Who can blame Nicholas Lemann, dean of and Henry R. Luce Professor at the Graduate School of Journalism at Columbia University, for offering this option to a roomful of funders? Lemann described newsgathering as an expensive, ongoing function, and confirmed the obvious: foundations usually prefer project-based support. But since Lemann is a creative guy, he suggested that "covering the city of Baltimore forever" could be the project.
(1 Laser) Z-Philanthra isn't the only one who has been around long enough to know that massive, multiyear general operating support grants aren't going to happen in this economy -- or any other. (And altering that reality surely is a job for another superhero!)
Option #2 -- Switch the Bottom Line!
If owners can't make massive profits from newspapers anymore, how about promoting "savvy restructuring and philanthropic capital that can recreate a different kind of newspaper, one that truly serves the public good"? That was the approach offered by Vince Stehle, program officer at the Surdna Foundation, in a Chronicle of Philanthropy piece, "It's Time for Newspapers to Become Nonprofit Organizations." Stehle pointed to the St. Petersburg Times and the London-based Guardian, both nonprofits, to demonstrate the viability of this approach.
(3 Lasers) As Vince knows, and the Nonprofit Fund's Clara Miller sagely noted, "nonprofit status is not a business plan." That's why Z-Philanthra could wield her dollars and charm (in that order) to pool philanthropic capital and collaboratively advance savvy restructuring. It won't work for every newspaper, but it certainly makes good sense in key markets.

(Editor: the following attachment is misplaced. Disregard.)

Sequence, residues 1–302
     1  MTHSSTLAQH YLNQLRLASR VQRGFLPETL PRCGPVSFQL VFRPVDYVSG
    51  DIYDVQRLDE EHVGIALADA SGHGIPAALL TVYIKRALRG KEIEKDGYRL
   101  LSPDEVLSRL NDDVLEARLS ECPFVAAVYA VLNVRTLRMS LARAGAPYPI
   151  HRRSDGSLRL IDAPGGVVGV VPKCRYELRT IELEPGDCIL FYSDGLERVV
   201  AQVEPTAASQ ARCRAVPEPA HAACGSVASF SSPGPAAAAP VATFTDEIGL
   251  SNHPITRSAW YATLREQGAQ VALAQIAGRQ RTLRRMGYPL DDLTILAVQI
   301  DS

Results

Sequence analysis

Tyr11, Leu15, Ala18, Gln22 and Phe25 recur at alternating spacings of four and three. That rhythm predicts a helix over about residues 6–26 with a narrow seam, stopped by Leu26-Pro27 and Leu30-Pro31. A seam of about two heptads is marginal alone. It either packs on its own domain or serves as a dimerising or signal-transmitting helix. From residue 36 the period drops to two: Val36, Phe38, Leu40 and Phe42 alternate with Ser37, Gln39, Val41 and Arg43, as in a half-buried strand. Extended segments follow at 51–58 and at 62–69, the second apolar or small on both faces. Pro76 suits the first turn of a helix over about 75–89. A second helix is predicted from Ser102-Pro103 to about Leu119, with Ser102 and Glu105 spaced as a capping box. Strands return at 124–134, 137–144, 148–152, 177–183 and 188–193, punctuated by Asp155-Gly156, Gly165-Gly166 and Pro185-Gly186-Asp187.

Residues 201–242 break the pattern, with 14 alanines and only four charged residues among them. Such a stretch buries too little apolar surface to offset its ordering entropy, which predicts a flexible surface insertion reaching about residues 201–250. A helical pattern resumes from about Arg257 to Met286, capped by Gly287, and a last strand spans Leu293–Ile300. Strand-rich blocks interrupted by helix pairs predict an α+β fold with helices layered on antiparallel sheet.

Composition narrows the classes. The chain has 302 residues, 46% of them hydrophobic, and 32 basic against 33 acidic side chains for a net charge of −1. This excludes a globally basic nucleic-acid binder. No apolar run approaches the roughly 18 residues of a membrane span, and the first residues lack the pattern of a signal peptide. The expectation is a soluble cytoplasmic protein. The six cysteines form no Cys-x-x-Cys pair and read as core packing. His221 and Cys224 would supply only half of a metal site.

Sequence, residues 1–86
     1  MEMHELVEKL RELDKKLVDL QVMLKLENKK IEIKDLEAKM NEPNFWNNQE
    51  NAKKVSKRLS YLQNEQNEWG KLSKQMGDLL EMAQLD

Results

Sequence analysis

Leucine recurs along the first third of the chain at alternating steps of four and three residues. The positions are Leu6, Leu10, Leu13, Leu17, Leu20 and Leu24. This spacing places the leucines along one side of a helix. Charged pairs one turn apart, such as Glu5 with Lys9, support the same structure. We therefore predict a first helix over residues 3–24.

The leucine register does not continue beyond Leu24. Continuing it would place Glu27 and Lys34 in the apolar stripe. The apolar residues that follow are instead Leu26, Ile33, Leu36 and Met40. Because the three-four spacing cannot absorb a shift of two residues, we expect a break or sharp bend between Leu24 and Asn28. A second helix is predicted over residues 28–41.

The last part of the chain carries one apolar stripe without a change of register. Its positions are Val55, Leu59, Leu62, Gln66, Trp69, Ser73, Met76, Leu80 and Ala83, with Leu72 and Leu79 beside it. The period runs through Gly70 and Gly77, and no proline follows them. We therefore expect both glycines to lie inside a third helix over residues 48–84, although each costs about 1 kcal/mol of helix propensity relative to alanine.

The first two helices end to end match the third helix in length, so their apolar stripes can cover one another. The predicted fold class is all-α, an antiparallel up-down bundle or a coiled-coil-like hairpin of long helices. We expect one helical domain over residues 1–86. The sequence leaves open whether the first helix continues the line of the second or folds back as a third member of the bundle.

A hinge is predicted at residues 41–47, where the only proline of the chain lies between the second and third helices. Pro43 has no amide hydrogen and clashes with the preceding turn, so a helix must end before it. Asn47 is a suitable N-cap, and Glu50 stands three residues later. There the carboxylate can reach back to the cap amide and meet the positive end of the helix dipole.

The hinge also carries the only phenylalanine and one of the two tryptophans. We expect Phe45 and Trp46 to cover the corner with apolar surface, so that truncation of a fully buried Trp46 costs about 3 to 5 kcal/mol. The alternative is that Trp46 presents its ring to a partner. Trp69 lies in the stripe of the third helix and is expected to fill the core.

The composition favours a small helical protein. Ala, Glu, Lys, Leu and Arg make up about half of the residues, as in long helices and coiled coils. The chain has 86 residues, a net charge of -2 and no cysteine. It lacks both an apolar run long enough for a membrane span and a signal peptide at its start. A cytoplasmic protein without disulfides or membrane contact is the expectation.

Option #3 -- Government Should Pay!
Victor Pickard, senior research fellow at the media reform organization Free Press, described a "national journalism strategy" that endorses the idea of alternative operating structures such as nonprofits and L3Cs. Other short-term components of the strategy include tax incentives for failing newspapers to divest their holdings to owners committed to public service, and a call to fold a journalism jobs program into the AmeriCorps program. Long-term strategies mentioned by Pickard include the establishment of a government-funded R&D pool and support for a substantially expanded public media system.